Wednesday, October 8, 2014

Summer Savory

     I planted Summer Savory in my Garden this year and harvested it this Sept.
This is an annual herb and one of the oldest known culinary herbs, 
Its flavor adds just the right touch to eggs, fish, green beans, poultry, and meats.
Like many herbs, summer savory makes itself at home  in any container or window box

A favorite Herb of my Dear Mom. She did this year after year. 
Childhood memories of huge bunches hanging in the old back porch to dry....

     In the Spring, I plant my seeds directly in the garden.
  When plants have reached 1" to 2" tall, 
 they can be thinned  to about 6"-9" apart. 
The leaves are primarily harvested
 when flower buds begin to form

Drying Summer Savory.   (source: The Halifax Seed Co.)
Cut branches from the summer savory plant (before its buds open) on a dry day. 
Remove any dead, immature or damaged leaves from the branches then rinse in 
cold water and gently blot dry with a clean, lint-free towel until all moisture is absorbed.
Turn the branches upside down and tie the ends of up to six branches together with string.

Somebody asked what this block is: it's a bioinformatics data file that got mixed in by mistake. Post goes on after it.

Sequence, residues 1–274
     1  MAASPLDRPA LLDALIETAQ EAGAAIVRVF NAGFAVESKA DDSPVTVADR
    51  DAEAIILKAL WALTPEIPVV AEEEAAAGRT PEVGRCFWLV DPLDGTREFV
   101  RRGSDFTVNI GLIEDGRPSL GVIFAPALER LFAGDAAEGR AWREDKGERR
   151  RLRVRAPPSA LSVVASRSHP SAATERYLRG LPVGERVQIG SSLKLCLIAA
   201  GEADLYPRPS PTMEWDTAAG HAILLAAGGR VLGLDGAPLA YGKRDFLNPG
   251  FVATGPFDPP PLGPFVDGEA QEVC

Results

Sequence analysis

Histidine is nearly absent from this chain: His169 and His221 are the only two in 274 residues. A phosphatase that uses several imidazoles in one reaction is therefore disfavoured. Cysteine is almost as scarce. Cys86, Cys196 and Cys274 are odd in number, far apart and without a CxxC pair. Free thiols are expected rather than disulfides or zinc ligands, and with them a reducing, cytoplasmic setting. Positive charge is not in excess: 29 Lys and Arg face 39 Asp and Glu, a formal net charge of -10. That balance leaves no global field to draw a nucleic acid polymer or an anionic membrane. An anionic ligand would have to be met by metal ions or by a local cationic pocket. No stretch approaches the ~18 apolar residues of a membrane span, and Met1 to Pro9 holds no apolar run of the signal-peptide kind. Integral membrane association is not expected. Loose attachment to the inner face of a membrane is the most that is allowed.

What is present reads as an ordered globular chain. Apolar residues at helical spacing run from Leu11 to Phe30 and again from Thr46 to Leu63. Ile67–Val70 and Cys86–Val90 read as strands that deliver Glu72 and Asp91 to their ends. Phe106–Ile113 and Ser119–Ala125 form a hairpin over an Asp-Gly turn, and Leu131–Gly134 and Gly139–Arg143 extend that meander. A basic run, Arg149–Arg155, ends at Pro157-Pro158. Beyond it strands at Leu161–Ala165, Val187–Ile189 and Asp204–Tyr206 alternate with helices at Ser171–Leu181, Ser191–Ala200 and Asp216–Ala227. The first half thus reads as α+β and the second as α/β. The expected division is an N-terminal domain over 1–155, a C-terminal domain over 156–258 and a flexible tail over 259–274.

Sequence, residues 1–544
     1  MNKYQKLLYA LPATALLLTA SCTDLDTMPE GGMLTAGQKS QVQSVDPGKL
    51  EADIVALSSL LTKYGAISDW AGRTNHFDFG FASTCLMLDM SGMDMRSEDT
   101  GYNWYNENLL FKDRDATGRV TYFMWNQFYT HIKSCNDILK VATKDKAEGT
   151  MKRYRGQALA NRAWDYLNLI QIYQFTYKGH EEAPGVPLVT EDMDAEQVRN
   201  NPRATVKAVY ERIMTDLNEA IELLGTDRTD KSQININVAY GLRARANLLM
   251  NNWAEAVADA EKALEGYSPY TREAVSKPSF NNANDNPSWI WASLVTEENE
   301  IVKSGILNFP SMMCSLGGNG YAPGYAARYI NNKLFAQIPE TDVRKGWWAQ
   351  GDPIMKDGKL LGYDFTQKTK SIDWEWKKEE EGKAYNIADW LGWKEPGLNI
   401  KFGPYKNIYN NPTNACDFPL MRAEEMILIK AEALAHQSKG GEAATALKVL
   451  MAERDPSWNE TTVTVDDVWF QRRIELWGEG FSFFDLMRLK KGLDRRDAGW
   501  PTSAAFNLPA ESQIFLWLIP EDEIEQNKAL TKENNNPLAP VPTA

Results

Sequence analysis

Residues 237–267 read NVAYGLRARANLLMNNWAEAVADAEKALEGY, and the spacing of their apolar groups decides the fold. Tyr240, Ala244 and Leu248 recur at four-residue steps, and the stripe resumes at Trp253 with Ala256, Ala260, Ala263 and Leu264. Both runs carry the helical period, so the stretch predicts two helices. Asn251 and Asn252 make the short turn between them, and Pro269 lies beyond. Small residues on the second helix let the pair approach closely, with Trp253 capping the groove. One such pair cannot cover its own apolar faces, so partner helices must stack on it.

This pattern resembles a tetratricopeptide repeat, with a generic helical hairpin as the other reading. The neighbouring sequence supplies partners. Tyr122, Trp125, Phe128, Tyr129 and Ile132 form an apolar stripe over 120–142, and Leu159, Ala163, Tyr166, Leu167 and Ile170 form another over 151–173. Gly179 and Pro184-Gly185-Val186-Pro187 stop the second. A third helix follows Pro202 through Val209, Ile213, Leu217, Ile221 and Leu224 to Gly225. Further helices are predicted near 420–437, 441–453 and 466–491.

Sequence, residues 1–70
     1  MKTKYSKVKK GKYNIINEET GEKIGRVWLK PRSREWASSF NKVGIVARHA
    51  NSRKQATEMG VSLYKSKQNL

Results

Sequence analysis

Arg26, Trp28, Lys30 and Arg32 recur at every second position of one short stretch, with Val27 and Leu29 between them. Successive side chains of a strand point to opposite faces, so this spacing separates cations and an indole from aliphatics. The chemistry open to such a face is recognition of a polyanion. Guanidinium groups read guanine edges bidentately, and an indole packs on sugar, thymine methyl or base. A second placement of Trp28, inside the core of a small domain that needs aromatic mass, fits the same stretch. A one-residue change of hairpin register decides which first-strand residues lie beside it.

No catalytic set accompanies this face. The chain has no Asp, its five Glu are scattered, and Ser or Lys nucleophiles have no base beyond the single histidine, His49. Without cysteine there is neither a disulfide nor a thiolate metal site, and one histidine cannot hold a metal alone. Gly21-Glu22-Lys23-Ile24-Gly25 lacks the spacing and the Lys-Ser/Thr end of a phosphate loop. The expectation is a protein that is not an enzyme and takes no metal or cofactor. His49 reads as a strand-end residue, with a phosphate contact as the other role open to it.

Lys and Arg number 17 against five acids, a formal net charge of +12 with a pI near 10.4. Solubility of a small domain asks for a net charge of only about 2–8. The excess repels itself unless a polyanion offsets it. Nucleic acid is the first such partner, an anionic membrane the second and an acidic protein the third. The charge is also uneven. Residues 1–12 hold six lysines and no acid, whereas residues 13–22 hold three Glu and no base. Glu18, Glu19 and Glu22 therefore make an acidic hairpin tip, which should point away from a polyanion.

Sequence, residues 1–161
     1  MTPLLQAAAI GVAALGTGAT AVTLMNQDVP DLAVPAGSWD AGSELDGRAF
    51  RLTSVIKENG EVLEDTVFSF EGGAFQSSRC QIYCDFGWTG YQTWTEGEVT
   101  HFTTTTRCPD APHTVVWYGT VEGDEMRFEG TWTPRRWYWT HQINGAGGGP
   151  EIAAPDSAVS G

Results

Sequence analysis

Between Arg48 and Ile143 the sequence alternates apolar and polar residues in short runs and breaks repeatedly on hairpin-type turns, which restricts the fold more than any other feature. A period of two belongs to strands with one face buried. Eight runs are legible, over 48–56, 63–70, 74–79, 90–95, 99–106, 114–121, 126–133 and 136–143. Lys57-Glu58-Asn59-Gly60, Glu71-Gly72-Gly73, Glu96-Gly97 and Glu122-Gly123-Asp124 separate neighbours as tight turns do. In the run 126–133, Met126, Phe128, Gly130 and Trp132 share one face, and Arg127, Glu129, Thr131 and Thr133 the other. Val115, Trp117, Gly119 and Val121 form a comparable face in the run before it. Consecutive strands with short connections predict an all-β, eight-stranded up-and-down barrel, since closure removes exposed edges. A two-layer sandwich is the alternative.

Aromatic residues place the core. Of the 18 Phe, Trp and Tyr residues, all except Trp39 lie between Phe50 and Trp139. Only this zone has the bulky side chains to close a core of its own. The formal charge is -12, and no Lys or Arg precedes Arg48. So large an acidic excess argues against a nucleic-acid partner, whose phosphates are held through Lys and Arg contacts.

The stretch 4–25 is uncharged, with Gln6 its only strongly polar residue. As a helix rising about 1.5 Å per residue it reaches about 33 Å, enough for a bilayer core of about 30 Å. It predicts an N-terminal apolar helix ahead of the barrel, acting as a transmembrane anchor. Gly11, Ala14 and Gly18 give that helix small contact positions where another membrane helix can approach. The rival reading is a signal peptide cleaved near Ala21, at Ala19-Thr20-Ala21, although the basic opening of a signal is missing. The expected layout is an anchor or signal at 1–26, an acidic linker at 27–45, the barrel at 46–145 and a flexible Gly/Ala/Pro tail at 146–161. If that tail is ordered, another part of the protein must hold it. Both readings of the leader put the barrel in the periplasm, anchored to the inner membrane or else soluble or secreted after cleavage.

Loop a 12-inch length of string or dental floss through each of the tied ends of the savory bunches, and make a knot in each loop for hanging.

Hang the summer savory bunches separately in a warm, dry, well-ventilated room for at least 2 weeks until dry. Discard any savory that forms mold.

Remove the dried summer savory leaves from the branches, and dispose of the bare branches. 
Crush the leaves or leave them whole.
Place the dried summer savory in an air-tight container or resealable plastic bags.
Store the container or bags of summer savory away from hear or direct sunlight.

Savory hanging in bunches to dry. (A few weeks)
I hung them in my spare bathroom over the shower rod.
Dried Savory, it can be chopped finer, if desired

The seeds I used.

all pics are my sole original property.

thanks for visiting my blog.

all pics are my sole original property.